St. Justin, Martyr
Acts 22:30;23:6-11 + John 17:20-26
June 1, 2017
“‘…so that they may all be one, as you, Father, are in me and I in you.’”
There are many types of unity. For example, if two persons agree about a political issue, and join a common party, these two persons have political unity. If two persons agree about a moral teaching, or agree to act in common on behalf of a moral goal, these two persons have moral unity. If two students study for doctorates in physics, specializing in the same specific topic, and become the two foremost experts in the world about that topic, these two persons have intellectual unity. Two persons can be united by far less significant matters: they can be united by their nationality, by the clothes they wear, or by the physical space they share (in an elevator, a house, or a courtroom).
Two siblings are united by their parentage, and identical twins enjoy an even more specific genetic unity. Beyond physicals traits, siblings—or a parent and child—can be united by psychological traits, temperament, or even predispositions towards certain virtues and vices.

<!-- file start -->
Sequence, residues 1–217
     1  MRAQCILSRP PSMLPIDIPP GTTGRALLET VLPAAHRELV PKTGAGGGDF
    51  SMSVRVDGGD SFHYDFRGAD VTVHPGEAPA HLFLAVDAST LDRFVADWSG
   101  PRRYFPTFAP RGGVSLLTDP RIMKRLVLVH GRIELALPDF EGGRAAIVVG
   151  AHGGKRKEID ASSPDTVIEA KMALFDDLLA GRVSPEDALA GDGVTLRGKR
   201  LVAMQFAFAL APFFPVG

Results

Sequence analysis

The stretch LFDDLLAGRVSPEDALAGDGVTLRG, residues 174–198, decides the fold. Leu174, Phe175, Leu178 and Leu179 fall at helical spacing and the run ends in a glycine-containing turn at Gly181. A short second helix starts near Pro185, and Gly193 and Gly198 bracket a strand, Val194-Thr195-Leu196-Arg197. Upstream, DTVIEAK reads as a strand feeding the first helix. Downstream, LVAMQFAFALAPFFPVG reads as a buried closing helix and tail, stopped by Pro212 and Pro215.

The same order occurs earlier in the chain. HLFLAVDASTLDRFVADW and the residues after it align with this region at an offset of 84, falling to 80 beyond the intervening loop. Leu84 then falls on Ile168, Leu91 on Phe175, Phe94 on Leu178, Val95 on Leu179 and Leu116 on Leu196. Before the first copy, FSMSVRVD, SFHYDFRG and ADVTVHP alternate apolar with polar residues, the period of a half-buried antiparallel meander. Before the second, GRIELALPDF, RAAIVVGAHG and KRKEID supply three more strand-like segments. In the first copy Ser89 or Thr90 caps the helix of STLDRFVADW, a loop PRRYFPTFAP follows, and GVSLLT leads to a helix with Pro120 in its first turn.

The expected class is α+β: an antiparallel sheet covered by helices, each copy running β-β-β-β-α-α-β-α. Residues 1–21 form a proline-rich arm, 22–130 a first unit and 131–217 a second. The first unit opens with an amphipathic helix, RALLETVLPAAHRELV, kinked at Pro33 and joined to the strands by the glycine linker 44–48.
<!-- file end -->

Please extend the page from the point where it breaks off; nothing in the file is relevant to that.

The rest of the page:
None of these is what Jesus is preaching about in John 17:21. Jesus is preaching about something far more profound.
The tiny word “as” in this petition—“that they may all be one, as you, Father, are in me and I in you”—unlocks the meaning of the verse. Reflect, meditate, and contemplate the meaning of the Unity that the Three Persons of the Blessed Trinity not merely have or share, but are.